Game Over Online ~ Real Soccer 2007

GameOver Game Reviews - Real Soccer 2007 (c) Gameloft, Reviewed by - Lawrence Wong

Game & Publisher Real Soccer 2007 (c) Gameloft
System Requirements Wireless phone and service
Overall Rating 75%
Date Published Wednesday, May 30th, 2007 at 10:37 PM

Divider Left By: Lawrence Wong Divider Right

I was pleasantly surprised when I started up Real Soccer 2007 to find national teams featured including the actual players who are on it. Clubs are substituted but still contain the player names. It'll be disappointing for Premiership and European league fans but at least the team is there. This is compared to what Gameloft did for baseball where team names are there but players aren't and I find that much more infuriating. Most mobile titles don't have the full license much less professional and national teams mixed together. So go ahead and take Ronaldo or Thierry Henry out for a spin. Gameloft claims that they have realistic uniform designs down to the shoe level. You actually can't really tell what shoe people are wearing and some of the jersey designs are not really all that detailed being a 2D game. I liked the semi-interactive fans who unroll flags of countries during national matches.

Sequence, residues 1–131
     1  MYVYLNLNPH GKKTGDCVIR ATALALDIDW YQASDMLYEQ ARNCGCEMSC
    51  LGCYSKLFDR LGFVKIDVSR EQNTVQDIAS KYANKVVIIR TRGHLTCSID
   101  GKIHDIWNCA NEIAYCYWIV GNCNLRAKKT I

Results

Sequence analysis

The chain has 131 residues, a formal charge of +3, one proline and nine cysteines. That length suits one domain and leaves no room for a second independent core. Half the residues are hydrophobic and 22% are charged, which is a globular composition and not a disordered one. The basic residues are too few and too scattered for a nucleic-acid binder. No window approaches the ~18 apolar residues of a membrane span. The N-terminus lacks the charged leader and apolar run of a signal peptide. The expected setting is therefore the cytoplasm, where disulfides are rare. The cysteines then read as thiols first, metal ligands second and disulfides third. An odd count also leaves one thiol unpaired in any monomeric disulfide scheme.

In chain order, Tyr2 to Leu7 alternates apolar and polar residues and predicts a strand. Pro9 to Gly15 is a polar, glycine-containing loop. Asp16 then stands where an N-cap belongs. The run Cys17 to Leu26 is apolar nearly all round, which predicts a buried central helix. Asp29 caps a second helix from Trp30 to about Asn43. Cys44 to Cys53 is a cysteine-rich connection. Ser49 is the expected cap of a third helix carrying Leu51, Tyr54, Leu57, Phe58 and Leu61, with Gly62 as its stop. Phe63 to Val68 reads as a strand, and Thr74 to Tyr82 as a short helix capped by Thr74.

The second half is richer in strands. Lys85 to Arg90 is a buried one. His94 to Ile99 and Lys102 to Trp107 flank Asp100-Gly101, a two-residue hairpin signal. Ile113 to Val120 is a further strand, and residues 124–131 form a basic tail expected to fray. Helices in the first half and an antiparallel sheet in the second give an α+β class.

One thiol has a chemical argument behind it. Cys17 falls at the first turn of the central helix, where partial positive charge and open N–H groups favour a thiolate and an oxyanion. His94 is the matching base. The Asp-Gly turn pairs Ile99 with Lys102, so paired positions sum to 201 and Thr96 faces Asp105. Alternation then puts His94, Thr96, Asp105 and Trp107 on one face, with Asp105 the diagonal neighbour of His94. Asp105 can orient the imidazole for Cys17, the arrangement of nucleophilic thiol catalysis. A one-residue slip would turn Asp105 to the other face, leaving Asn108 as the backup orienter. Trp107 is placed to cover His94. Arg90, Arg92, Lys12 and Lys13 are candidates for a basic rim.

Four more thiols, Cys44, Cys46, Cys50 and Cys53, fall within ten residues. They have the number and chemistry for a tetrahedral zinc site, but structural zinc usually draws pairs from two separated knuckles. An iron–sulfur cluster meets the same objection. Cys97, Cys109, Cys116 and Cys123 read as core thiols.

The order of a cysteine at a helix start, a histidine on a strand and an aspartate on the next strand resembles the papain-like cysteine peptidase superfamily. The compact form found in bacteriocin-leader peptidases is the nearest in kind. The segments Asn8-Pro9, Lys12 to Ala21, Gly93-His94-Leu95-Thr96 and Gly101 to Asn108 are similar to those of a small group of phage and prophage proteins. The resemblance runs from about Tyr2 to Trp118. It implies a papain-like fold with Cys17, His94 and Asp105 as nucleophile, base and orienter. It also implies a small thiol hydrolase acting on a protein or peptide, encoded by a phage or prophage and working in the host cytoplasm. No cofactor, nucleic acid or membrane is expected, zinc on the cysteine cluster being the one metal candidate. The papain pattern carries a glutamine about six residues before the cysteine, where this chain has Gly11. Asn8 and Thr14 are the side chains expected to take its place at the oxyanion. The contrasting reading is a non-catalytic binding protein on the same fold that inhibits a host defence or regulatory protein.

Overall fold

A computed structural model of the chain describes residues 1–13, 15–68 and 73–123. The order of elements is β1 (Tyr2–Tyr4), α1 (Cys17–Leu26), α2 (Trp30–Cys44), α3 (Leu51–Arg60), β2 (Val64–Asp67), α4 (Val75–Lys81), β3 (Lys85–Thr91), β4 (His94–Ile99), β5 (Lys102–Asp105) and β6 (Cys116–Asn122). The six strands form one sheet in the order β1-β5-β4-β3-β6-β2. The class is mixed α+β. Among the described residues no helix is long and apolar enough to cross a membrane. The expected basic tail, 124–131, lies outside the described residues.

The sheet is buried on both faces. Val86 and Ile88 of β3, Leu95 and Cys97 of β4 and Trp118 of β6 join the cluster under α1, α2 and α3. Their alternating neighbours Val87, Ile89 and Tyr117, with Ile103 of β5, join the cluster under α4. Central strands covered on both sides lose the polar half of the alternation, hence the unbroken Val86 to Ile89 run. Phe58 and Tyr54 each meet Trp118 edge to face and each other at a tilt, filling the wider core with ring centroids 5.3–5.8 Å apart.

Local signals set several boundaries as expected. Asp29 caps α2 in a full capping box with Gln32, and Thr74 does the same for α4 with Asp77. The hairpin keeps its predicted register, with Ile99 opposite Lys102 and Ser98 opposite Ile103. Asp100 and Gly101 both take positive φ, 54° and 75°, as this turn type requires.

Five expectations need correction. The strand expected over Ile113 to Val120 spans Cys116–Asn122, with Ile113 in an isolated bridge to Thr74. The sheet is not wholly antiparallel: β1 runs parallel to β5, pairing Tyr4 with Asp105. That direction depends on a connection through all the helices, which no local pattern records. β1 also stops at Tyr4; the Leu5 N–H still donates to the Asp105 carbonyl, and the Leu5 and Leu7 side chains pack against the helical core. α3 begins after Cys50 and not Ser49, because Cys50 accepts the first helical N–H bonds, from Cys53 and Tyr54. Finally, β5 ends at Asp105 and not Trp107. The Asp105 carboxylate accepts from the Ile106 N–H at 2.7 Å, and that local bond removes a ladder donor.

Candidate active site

In terms of gameplay, Real Soccer 2007 offers some good fundamentals. There are a full 11 players on each side. You can't directly control your footwork but you don't feel like the ball is too light or too much of a deadweight. I did feel that you can string together long passes on the pitch way too easily especially from midfield. And that's using regular players and not Beckham to do it. There are a number of special moves you can execute like a bicycle kick but they aren't a pre-requisite to winning games. Indeed, the tutorials will walk you through doing them but I only discovered them after winning a few matches on my own. The controls are undoubtedly deeper and more complex than rival FIFA's.

On the management side, there isn't a heck of a lot to the game other than substituting players and changing the various formations. There isn't a franchise mode or the ability to trade players and such. Otherwise, Real Soccer 2007 stays out of the manager's box and focuses on gameplay. It might have been better with more management functions. I wasn't impressed with the announcing but few games, including EA's FIFA series impress me on that front.

Real Soccer 2007 will likely attract some fans in North America for the sport but I'm positive it will be a great draw for Europeans (no doubt it will be marketed as Real Football 2007) as it delivers on the gameplay and will appeal to national team fans. For club purists, EA's FIFA is still the only way to go though.


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